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James Dickey 's Deliverance, And Stanley Kubrick 's The Shining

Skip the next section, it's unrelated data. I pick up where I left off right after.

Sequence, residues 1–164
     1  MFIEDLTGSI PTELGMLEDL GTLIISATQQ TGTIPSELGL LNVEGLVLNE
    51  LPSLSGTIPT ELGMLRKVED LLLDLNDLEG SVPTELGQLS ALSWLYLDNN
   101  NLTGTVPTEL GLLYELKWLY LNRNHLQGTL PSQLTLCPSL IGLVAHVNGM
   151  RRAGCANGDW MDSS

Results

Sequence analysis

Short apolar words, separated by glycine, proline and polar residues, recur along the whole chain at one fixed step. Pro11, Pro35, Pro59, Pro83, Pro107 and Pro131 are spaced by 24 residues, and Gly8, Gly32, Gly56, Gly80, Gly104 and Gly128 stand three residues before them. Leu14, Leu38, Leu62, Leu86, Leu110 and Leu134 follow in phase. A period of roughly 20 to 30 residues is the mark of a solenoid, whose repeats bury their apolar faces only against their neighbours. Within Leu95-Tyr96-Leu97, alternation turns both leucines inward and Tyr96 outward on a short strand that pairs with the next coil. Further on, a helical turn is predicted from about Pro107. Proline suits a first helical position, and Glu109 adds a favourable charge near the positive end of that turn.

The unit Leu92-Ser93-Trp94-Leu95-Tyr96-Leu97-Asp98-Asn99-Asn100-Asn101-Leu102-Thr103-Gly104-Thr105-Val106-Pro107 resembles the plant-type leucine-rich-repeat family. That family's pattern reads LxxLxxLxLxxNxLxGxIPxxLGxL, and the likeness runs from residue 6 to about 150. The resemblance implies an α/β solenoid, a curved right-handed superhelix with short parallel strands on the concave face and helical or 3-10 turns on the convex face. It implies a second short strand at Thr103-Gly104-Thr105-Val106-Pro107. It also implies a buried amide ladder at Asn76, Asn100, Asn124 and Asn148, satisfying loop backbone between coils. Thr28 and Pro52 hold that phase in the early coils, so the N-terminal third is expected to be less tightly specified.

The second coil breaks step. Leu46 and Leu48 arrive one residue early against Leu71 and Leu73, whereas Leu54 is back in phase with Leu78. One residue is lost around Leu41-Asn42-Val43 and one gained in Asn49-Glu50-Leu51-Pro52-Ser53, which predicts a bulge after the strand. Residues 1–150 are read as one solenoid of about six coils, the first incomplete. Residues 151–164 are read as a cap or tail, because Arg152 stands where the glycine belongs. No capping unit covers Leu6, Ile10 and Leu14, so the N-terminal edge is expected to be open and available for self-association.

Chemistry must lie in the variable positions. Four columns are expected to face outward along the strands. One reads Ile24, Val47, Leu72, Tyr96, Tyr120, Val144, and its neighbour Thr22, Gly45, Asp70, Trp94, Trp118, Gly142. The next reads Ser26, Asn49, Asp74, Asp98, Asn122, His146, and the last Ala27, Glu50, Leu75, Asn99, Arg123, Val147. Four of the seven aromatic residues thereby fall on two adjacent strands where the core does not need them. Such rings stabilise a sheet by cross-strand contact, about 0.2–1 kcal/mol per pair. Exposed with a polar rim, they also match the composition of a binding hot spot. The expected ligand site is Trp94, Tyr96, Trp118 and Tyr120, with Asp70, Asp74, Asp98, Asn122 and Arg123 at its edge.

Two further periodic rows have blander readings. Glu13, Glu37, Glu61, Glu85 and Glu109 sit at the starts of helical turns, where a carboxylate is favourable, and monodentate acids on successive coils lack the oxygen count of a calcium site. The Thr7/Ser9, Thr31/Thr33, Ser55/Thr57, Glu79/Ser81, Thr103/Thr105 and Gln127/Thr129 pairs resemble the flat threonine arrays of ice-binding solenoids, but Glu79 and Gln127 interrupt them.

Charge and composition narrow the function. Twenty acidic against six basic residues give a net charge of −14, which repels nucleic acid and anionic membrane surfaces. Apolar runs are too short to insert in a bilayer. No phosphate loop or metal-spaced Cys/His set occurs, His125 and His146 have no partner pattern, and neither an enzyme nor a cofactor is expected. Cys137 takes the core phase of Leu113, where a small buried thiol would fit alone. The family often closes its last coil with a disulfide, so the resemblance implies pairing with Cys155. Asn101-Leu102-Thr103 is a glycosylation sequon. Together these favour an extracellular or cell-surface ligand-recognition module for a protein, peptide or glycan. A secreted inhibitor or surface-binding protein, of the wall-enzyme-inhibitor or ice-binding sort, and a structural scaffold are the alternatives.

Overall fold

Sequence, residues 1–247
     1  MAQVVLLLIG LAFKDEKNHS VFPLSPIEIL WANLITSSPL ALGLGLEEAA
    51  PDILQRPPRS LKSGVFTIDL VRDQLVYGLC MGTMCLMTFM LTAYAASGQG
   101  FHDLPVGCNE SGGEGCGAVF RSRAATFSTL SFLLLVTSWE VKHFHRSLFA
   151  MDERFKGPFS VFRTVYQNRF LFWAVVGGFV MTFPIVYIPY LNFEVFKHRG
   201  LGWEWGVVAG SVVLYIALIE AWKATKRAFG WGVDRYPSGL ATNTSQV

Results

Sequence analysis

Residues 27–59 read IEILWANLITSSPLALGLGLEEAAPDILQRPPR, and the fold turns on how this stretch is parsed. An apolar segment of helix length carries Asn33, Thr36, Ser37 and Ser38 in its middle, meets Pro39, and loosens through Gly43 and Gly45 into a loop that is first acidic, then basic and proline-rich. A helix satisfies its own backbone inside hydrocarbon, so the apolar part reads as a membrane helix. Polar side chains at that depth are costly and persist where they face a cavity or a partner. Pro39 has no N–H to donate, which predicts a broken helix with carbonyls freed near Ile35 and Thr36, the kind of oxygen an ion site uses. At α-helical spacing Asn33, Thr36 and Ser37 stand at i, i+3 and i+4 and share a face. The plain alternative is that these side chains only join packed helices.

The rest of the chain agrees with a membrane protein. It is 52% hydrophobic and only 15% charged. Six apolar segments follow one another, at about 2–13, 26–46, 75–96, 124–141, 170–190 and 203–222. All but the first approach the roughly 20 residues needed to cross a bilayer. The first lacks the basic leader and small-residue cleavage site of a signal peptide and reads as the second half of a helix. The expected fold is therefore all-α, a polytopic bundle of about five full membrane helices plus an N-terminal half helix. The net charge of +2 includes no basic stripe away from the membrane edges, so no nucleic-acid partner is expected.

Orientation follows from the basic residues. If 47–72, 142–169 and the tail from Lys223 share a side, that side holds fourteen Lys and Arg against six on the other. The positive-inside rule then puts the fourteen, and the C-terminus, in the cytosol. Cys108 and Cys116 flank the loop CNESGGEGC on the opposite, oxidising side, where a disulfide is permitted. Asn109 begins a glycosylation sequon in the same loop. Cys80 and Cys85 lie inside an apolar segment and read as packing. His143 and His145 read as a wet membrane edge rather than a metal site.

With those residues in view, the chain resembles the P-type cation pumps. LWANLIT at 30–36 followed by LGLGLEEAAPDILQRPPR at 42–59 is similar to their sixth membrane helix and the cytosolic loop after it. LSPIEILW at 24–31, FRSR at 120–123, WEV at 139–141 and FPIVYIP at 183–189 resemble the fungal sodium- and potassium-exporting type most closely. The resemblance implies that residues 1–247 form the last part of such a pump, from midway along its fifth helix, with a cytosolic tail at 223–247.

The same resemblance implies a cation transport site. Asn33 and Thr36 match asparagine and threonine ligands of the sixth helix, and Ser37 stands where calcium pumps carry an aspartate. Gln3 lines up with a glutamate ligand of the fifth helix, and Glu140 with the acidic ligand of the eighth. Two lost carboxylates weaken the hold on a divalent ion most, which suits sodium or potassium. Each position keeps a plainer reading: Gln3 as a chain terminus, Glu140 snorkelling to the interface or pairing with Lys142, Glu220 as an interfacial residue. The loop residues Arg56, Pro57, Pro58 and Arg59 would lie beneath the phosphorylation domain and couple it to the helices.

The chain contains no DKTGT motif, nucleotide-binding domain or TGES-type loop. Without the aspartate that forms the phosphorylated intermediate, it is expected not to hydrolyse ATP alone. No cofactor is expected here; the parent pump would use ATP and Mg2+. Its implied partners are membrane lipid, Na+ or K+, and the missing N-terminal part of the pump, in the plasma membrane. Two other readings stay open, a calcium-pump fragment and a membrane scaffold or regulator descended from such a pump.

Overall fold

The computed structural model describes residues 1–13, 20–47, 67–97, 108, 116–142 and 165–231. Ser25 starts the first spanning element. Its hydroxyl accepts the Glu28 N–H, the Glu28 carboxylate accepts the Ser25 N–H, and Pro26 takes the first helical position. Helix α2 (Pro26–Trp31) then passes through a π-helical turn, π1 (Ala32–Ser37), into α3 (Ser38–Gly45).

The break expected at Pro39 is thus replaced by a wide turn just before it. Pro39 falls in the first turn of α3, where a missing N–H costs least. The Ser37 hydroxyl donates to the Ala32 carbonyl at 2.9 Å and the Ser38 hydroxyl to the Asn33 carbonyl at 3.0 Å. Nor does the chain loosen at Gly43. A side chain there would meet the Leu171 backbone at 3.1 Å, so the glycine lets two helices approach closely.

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James Dickey’s Deliverance, and Stanley Kubrick’s The Shining, demonstrate masculine roles in America going through a period of challenge and change brought on by historical social and political movements resulting in the cultural definition of masculinity to be widely questioned and inevitably altered in the United States. Michael Meadows states that Dickey narrativizes the negative and regressive “civil and primitive masculine roles” which were traumatic for American men during the 1970s by using the wilderness and its inhabitants as a gothic convention which antagonizes the group (128). Michael Kimmel solidifies this message of Western cultural damage on men by noting that, female and homosexual rights movements challenged both forms of civil and primitive masculinity (175). These two movements were fought for and accepted by Americans beginning in the 1970s. The rights these movements fought for irreversibly made women working equals to their male counterparts, and offered them shelter from the control, violence, and overall sexual and mental abuse that women and children had put up with since antiquity. In continuity with these changes during the 1970s, Vivian Sobchak argues, “more and more 'families ' no longer partook in behavior and standards set by bourgeois mythology. Therefore, the horror in The Shining plays out the rage of a western masculinity and fatherhood denied the economic and political benefits” of patriarchal authority and domination within the nuclear
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